What: These guys want to help you “Tap your brand” by giving it a big fat jolt of NFC. They help facilitate and supply NFC reading stations all over your event activation, big and small. They also implant literally anything you can name with the NFC broadcast chips. They’d rather you buy their NFC-enabled swipe cards, but they’ll go ahead and put a chip into your Rolex Presidential promos if you want, you nut. Once that’s done, any part of your activation can become a data collection goldmine and an interactive nirvana with a simple attendee tap. You can even streamline registration by implanting attendee badges. We likey.
Cost: There’s a $2,500 startup fee (includes up to eight reader stations), and then it starts at about $1 per attendee. The cost goes up based on some features like photo activation integration or advanced data collection tools, and you can spend as much as you like on promos in which to embed the chips.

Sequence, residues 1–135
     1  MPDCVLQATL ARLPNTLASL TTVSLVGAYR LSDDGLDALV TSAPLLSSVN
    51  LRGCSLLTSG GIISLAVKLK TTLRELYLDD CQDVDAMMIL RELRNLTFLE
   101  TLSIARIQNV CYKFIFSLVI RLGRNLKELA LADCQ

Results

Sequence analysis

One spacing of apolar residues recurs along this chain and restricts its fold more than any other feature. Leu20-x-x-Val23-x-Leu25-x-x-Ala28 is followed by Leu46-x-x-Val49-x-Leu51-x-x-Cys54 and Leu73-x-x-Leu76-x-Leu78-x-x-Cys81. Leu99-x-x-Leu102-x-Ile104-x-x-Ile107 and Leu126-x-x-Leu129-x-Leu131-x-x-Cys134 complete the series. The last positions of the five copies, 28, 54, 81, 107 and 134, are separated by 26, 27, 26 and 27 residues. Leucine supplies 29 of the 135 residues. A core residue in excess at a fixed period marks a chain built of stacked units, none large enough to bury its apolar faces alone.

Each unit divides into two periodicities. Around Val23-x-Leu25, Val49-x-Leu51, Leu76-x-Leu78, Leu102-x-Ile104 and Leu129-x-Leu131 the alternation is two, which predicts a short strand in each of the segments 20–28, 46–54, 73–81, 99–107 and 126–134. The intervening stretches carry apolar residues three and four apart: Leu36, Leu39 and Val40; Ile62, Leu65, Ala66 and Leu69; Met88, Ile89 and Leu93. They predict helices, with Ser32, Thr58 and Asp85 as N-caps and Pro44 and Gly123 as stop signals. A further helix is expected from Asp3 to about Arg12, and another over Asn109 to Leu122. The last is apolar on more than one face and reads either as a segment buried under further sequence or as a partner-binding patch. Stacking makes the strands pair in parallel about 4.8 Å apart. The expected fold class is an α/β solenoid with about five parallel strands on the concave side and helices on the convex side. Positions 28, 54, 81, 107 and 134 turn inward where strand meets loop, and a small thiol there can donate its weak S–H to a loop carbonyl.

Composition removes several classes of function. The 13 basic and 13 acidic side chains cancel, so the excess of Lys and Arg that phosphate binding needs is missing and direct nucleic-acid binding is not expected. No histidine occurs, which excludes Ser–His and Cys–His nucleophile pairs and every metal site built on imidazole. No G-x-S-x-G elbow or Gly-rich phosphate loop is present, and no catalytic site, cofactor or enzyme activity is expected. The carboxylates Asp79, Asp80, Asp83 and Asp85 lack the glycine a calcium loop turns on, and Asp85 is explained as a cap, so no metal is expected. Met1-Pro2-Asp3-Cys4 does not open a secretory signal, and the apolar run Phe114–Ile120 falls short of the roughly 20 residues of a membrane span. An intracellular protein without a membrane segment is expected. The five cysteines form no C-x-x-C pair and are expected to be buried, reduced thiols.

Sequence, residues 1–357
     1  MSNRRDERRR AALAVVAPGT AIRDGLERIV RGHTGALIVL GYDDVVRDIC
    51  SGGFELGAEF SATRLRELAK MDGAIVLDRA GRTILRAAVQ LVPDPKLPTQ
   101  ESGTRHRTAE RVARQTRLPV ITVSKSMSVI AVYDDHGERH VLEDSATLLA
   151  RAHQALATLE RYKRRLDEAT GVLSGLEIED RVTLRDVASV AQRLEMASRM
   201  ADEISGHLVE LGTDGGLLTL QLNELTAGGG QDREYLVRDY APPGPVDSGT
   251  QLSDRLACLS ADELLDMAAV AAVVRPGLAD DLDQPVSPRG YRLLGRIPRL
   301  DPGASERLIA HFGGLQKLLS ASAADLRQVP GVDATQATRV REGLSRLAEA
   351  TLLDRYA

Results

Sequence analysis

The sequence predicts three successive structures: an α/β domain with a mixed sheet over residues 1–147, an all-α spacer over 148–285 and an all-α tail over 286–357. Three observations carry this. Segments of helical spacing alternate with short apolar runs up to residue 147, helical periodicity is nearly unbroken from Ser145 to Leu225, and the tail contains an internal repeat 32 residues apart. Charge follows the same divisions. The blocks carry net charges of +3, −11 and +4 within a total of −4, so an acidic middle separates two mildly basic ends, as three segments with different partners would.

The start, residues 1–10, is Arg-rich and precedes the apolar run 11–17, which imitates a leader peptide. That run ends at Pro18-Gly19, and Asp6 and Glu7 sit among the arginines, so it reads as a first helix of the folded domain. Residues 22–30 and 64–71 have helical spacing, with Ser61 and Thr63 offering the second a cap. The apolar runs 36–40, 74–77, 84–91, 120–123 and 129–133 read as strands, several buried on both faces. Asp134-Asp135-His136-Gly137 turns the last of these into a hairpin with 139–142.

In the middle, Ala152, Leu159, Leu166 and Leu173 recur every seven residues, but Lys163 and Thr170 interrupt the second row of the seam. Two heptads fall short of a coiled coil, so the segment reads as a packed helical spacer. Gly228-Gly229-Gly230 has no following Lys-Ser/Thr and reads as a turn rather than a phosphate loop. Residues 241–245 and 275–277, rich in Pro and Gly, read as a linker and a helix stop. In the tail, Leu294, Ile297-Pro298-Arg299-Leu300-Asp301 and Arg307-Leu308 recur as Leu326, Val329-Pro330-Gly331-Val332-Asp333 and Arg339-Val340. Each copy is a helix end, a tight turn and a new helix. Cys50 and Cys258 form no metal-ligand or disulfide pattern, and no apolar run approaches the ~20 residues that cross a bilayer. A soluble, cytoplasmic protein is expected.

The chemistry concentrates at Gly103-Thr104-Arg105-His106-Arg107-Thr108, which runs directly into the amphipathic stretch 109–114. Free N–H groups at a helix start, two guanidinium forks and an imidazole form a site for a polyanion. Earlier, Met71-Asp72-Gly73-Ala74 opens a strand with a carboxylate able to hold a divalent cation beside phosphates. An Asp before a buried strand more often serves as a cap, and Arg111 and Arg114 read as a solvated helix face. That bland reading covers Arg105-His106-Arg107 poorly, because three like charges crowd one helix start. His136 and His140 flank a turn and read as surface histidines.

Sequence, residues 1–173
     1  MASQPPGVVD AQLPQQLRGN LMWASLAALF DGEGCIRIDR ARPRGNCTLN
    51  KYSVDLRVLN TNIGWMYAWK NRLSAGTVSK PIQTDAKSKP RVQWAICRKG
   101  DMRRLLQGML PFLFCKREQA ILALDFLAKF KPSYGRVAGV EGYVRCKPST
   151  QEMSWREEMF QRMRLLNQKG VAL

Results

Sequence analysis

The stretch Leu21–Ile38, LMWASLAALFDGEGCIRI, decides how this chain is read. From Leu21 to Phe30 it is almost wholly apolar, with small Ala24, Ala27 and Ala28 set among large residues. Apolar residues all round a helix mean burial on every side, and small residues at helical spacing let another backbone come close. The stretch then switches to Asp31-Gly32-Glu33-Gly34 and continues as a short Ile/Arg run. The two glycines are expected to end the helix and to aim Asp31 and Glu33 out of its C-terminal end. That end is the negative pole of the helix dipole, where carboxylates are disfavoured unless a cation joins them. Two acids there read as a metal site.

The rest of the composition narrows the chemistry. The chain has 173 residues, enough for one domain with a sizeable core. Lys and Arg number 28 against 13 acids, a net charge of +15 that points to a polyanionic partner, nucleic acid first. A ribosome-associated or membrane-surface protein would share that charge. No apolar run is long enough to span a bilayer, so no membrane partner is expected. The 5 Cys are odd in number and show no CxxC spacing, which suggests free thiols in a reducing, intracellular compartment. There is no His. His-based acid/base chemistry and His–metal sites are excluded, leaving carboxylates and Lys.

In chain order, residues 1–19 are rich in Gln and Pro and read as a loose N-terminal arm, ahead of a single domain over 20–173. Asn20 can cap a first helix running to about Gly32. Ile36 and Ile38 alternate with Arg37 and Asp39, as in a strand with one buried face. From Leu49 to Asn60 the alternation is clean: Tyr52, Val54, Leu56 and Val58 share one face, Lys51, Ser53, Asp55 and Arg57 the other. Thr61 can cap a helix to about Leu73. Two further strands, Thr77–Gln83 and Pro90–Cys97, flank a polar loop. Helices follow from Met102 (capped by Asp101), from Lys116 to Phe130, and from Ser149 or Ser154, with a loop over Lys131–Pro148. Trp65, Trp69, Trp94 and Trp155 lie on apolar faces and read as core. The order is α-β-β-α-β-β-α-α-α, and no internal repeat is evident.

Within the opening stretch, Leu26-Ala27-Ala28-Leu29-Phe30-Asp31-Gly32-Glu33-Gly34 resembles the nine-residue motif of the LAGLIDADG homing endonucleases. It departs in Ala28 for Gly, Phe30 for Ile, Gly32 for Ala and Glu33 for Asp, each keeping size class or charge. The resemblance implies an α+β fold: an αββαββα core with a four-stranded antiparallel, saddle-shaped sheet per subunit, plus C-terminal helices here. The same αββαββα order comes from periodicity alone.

We say: It’s a feature-rich, practical use for NFC and brand activation, so we like it. And the price is right on par for the technology, too.
Contact: Rich Stein: email@example.com
Tech: Large-Scale Multi-Touch Walls
What: OK, so you think you know what large-scale multi-touch is? Not yet, you don’t. Inhance is rolling out 30-foot wide walls and 12-foot square rooms walled with multi-touch. More than 30 simultaneous users will be shouldering their way up to play with these things at every deployment. The ideal way to leverage it, they say, is with a unique, and new content design that takes advantage of all of the multi-touch features. Intel just did one with an amusement park theme to amazing effect, and if they want it, so do you. (Holla to our guys Victor Torregroza and Joe English!)